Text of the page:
Does a Great 10-Year Treasury Auction Signal Trouble Ahead?

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If bonds are rallying, yields are dropping, often due to worries that the economy will slow down or that bonds will be more desirable than stocks. It does not always work out that way, but investors saw a surprise in the 10-year Treasury auction on Wednesday.

The Treasury’s $24 billion came with a bid-to-cover ratio of 2.63, meaning demand to buy at the auction was $2.62 for every $1 accepted. What stands out is that the 2.612% yield was the lowest at a 10-year Treasury auction since June of 2013.

Russian tensions must be helping here. Indirect bidders, a sign of foreign bank interest, took a high 49.3% of the auction. Direct bidders took 21.6% of the auction. The on-the-run Treasury yield was just above 2.58% after the auction.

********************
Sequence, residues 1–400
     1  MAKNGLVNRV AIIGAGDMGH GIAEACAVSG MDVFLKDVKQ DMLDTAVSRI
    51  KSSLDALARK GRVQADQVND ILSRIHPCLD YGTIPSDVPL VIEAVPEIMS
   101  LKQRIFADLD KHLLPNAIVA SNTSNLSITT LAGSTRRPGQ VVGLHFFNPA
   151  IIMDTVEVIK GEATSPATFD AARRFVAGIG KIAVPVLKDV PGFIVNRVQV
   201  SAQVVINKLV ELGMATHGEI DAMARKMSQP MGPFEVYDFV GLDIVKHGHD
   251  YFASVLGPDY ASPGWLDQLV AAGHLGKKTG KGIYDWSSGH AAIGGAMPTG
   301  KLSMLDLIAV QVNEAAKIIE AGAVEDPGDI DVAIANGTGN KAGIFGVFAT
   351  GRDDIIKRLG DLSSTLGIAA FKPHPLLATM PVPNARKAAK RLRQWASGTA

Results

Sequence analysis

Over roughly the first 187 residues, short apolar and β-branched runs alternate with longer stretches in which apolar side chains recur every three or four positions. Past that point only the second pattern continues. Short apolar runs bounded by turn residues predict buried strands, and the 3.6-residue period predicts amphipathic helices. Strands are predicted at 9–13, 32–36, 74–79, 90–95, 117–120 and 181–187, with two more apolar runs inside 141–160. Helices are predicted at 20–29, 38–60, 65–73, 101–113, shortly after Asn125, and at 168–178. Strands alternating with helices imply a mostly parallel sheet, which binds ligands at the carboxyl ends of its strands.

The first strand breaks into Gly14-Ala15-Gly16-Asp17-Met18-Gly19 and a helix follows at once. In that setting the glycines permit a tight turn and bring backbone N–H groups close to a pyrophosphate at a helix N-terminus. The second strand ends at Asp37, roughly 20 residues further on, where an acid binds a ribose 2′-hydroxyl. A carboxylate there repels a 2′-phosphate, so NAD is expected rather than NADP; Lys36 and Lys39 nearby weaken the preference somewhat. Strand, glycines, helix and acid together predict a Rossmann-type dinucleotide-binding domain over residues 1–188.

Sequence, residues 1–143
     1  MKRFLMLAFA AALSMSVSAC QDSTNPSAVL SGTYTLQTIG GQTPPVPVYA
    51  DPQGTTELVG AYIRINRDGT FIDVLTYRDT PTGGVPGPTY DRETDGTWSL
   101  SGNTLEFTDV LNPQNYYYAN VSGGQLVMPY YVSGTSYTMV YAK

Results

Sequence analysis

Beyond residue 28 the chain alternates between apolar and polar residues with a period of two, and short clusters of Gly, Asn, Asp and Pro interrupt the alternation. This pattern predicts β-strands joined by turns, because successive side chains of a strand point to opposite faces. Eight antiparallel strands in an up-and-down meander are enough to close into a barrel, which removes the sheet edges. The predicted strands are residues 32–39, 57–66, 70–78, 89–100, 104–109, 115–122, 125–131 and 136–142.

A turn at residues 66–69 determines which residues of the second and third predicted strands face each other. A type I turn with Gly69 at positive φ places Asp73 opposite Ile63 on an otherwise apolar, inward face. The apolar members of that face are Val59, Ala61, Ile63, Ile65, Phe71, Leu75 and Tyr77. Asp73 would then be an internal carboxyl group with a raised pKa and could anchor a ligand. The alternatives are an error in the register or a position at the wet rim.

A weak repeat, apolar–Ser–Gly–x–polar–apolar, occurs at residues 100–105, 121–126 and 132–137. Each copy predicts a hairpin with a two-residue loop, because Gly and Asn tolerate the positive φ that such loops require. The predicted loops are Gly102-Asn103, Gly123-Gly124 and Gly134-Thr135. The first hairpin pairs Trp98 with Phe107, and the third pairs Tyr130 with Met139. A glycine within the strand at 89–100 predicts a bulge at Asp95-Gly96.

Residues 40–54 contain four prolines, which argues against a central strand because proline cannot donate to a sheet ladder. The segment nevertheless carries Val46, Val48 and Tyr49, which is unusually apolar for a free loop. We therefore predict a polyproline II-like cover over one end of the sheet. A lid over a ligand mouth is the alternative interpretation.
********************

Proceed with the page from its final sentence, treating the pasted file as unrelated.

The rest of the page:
Another driving force for Treasury demand was that Fed Chair Janet Yellen gave some added comfort to bond investors that they will get to enjoy very low interest rates for a considerable period. Watchers also heard Yellen signal that the end of quantitative easing and an eventual wind-down of the Fed’s balance sheet would remain orderly.

All things being equal, the low 10-year auction yield comes at a time when the jobs data is looking better and better, at the same time that gross domestic product was only up by 0.1%.

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